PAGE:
|US20140007902 *||Nov 6, 2012||Jan 9, 2014||Tokyo Electron Limited||Method of stripping photoresist on a single substrate system|
|WO2007044048A2 *||Dec 30, 2005||Apr 19, 2007||Tokyo Electron Limited||Method and system for treating a substrate with a high pressure fluid using a peroxide-based process chemistry in conjunction with an initiator|
|WO2007044048A3 *||Dec 30, 2005||Oct 25, 2007||Tokyo Electron Ltd||Method and system for treating a substrate with a high pressure fluid using a peroxide-based process chemistry in conjunction with an initiator|
|U.S. Classification||134/2, 134/29, 134/27, 134/40, 134/1, 134/26|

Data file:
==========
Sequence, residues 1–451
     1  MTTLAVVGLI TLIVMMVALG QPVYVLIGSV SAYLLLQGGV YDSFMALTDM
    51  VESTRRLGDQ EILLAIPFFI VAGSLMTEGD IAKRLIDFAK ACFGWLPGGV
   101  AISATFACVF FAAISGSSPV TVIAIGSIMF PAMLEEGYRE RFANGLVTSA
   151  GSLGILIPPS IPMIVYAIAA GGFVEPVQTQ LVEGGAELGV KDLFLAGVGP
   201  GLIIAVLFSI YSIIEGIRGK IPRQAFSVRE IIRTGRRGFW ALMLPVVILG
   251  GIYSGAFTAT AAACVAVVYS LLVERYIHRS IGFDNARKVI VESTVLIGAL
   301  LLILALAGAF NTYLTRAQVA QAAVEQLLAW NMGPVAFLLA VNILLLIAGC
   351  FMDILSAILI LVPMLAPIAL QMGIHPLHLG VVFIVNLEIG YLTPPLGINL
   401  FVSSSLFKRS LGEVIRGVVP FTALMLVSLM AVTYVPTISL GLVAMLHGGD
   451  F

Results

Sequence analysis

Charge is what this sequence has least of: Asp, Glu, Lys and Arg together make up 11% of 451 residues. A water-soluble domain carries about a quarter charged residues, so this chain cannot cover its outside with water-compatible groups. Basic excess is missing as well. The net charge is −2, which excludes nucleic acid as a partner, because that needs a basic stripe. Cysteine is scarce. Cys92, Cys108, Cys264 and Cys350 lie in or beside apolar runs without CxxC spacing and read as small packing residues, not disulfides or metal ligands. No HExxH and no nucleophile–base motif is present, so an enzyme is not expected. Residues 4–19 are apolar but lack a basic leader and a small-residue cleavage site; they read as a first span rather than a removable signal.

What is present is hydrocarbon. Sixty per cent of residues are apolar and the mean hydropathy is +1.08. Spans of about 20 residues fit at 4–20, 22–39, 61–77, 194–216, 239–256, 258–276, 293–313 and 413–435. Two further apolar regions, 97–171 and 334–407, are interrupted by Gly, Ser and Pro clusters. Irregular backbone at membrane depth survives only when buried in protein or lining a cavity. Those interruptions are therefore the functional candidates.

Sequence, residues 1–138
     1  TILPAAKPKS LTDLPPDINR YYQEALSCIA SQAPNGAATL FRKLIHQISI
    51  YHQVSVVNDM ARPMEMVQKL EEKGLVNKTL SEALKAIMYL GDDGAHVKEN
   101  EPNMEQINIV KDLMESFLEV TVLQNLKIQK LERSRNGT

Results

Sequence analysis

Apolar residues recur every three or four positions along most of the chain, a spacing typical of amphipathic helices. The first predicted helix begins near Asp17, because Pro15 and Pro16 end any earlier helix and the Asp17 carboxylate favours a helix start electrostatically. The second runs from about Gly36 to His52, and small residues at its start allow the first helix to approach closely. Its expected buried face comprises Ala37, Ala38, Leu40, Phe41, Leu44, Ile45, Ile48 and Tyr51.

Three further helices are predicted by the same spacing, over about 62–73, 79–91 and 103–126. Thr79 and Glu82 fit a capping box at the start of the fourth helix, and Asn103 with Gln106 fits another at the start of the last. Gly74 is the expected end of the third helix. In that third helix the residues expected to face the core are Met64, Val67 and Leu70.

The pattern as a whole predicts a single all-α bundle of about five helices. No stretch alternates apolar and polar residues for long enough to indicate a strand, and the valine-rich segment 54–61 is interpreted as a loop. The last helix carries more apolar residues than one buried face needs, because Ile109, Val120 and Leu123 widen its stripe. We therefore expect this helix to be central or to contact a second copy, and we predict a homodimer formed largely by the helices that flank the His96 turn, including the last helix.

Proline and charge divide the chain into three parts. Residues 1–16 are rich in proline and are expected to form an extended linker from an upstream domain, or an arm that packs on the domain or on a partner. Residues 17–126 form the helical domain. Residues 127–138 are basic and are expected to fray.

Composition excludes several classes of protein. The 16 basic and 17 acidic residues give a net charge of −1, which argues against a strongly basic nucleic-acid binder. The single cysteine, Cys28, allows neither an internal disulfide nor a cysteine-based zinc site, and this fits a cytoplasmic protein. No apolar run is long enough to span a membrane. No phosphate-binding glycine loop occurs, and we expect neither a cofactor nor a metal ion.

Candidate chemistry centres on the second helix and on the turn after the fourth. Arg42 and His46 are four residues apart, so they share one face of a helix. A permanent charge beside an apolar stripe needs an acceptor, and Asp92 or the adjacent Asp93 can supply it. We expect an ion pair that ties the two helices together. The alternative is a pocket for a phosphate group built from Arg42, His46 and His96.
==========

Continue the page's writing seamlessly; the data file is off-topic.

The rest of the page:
|International Classification||C11D3/39, C23G1/14, H05K3/26|
|Cooperative Classification||C11D3/3942, C11D3/3947, C23G1/14, H05K3/26|
|European Classification||C11D3/39D, C23G1/14, C11D3/39H|
|Jun 6, 1997||FPAY||Fee payment|
Year of fee payment: 4
|May 17, 2001||FPAY||Fee payment|
Year of fee payment: 8
|Jan 17, 2003||AS||Assignment|
Owner name: HE HOLDINGS, INC., A CORP. OF DELAWARE, CALIFORNIA
Free format text: CHANGE OF NAME;ASSIGNOR:HUGHES AIRCRAFT COMPANY;REEL/FRAME:013678/0745
Effective date: 19951208
Owner name: RAYTHEON COMPANY, MASSACHUSETTS
Free format text: MERGER;ASSIGNOR:HE HOLDINGS, INC. DBA HUGHES ELECTRONICS;REEL/FRAME:013678/0763
Effective date: 19971217
|May 23, 2005||FPAY||Fee payment|
Year of fee payment: 12